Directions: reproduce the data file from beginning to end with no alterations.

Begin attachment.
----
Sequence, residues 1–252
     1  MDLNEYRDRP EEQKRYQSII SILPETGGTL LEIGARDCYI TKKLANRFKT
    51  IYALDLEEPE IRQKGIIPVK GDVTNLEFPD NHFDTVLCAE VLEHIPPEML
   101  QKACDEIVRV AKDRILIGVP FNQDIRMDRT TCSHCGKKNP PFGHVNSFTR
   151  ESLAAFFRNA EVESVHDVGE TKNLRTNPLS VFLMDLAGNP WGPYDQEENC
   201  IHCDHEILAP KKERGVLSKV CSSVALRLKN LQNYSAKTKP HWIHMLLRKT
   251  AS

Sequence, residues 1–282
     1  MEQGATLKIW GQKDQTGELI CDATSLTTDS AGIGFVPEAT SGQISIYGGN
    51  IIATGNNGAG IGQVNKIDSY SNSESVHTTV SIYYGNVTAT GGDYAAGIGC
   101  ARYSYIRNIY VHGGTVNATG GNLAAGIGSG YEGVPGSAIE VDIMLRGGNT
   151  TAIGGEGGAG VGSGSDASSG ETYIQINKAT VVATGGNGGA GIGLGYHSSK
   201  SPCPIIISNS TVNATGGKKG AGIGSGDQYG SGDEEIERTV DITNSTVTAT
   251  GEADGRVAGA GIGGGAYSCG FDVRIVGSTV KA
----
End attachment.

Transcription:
Sequence, residues 1–252
     1  MDLNEYRDRP EEQKRYQSII SILPETGGTL LEIGARDCYI TKKLANRFKT
    51  IYALDLEEPE IRQKGIIPVK GDVTNLEFPD NHFDTVLCAE VLEHIPPEML
   101  QKACDEIVRV AKDRILIGVP FNQDIRMDRT TCSHCGKKNP PFGHVNSFTR
   151  ESLAAFFRNA EVESVHDVGE TKNLRTNPLS VFLMDLAGNP WGPYDQEENC
   201  IHCDHEILAP KKERGVLSKV CSSVALRLKN LQNYSAKTKP HWIHMLLRKT
   251  AS

Sequence, residues 1–282
     1  MEQGATLKIW GQKDQTGELI CDATSLTTDS AGIGFVPEAT SGQISIYGGN
    51  IIATGNNGAG IGQVNKIDSY SNSESVHTTV SIYYGNVTAT GGDYAAGIGC
   101  ARYSYIRNIY VHGGTVNATG GNLAAGIGSG YEGVPGSAIE VDIMLRGGNT
   151  TAIGGEGGAG VGSGSDASSG ETYIQINKAT VVATGGNGGA GIGLGYHSSK
   201  SPCPIIISNS TVNATGGKKG AGIGSGDQYG SGDEEIERTV DITNSTVTAT
   251  GEADGRVAGA GIGGGAYSCG FDVRIVGSTV KA